Book Article

On the Road Again

''Route 66: The Mother Road'' -- A new picture book by former Marine Michael Wallis celebrates America's Main Street

It took five interstates to wipe Route 66 off the map, but the cracked asphalt of the old road is still there, winding alongside and under the dual highways. Empty of more purposeful traffic, the road is now traveled by a caravan of American dreamers and hucksters, some selling nostalgia, others reveling in it. That caravan will reach full force this summer when Michael Wallis tools a red 1964 Corvette down Route 66 from the Great Lakes to the Pacific Ocean promoting Route 66: The Mother Road (St. Martin's).

Wallis, a former Marine turned journalist who has lived in seven of the eight Route 66 states, has written what his editor calls a love letter to the road. He wraps the history of the route around pictures of it and lets the people who have traveled and lived along the Mother Road tell their stories. He also tells some of his own.

If the 165 Tulsans who recently showed up on his doorstep to get their copies autographed are anything to go by, Wallis' book tour should bring a lot more traffic onto the route. The eight Route 66 states have formed associations to hold dances, create halls of fame, and stage vintage-car rallies, all timed to his arrival. Small towns are celebrating with 8K runs and barbecues. In Oklahoma, folks are making the largest fried-onion burger ever. In Arizona, they're building permanent dirt-bike trails on otherwise impassable old sections of the road. Seligman, Ariz., is holding a Miss Route 66 pageant. Peddlers who continually travel the road in vans will hawk Route 66 T-shirts, bumper stickers, and Wallis' $29.95 book. In St. Louis, Ted Drewes will bag little pieces of the road to give out with his famous roadside frozen custard.

Wallis insists that the road still represents something Americans believe in. ''It's a heritage, sometimes of adverse circumstances, sometimes of pleasant,'' he says. ''The road symbolizes going someplace. It's a ribbon that ties histories and locales together. I felt an obligation to sum up the past as we approach a new century.''

The road's legend — as the last exit from poverty in Steinbeck's Grapes of Wrath, as the place to get your kicks in Bobby Troup's famous song, and as America's Main Street in the '60s TV program named after it — remains very much a part of its allure.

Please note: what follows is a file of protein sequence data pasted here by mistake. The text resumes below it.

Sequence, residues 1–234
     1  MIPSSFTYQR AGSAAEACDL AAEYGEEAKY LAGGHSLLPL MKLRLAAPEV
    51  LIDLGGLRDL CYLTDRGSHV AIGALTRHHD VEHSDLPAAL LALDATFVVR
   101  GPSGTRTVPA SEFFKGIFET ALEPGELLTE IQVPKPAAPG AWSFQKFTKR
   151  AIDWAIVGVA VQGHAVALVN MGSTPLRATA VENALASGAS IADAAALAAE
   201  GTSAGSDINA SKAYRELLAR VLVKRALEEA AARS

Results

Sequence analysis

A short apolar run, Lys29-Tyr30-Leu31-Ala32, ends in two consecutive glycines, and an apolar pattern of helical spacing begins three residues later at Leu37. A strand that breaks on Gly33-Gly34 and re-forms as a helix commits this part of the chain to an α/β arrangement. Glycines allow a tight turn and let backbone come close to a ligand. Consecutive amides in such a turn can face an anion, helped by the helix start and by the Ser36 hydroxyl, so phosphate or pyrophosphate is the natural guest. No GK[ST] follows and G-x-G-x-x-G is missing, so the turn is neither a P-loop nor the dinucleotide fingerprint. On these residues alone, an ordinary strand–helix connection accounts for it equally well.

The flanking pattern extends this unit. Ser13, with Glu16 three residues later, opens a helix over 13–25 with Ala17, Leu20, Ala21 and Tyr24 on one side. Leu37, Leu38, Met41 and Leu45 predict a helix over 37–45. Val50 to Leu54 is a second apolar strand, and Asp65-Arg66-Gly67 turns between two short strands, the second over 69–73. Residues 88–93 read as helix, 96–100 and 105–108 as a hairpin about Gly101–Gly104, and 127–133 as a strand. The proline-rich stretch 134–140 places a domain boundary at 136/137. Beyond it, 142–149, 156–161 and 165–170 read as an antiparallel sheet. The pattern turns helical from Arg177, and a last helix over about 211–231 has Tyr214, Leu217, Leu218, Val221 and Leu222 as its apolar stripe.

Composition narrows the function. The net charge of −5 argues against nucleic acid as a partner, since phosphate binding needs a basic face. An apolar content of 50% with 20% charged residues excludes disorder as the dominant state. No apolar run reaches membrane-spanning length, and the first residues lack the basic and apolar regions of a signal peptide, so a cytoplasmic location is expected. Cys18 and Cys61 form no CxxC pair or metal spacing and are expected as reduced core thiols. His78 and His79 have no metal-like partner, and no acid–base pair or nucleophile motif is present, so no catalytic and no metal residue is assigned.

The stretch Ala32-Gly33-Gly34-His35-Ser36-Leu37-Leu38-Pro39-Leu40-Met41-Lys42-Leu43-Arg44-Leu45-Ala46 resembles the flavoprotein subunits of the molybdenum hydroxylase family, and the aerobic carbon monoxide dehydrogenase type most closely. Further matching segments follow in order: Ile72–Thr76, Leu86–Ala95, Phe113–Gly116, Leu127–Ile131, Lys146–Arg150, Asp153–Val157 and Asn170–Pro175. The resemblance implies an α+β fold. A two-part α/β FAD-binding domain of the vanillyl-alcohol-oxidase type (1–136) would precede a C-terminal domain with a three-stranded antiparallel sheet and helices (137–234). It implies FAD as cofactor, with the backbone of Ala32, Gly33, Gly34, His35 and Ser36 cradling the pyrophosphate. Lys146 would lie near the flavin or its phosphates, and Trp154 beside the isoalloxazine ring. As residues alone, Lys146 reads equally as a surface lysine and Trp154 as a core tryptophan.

''The two lanes of Route 66 mean America, before we became generic,'' Wallis says, ''before we drank mountain water from a bottle and knew what fax machines and portable telephones were. Before we'd even heard of cholesterol. We drank water from a tap and tea brewed by the sun and ate pie baked by that woman sweating in the kitchen back there and not shipped in from six states away. And it took five napkins to eat a cheeseburger.''

Wallis says a new generation of travelers is returning to the route to relive childhood vacations, and merchants have hung out the neon to greet them. Norma Lee Hall still charges only 99 cents for breakfast at Norma's Diamond Cafe in Oklahoma. Ron Chavez continues to serve food made from 400-year-old Native American recipes at the Club Cafe in Santa Rosa, N.M. The El Rancho Hotel, ''home of the movie stars,'' in Gallup, N.M., has been polished up. And here and there you can sleep in newly renovated wigwams.

Of course, the freewheeling passion for Route 66 that inspired Michael Wallis to write his book also threatens to steamroll the very qualities it celebrates. This is America, after all, and in America local color often comes down to a fast-food franchise done in Mississippi riverboat style here or Santa Fe style there.

Wallis maintains that the Route 66ers won't let fast food and malls take over. ''The small towns are so zealous about protecting the integrity of the Mother Road. They know that what makes Route 66 special is the variety. Some of the little towns had started to fall asleep; they had their five o'clock shadows. Now they're picking up cans and cutting weeds.

''I tell them they don't want to spiffy up too much. There's nothing worse than a spic-and-span barbecue. You need the layers and layers of smoke and the old tattoos in the wood. Without it, you run the risk of making it look like the Golden Arches.'' And making Route 66 look like I-66.

Originally posted May 25, 1990 Published in issue #15 May 25, 1990 Order article reprints
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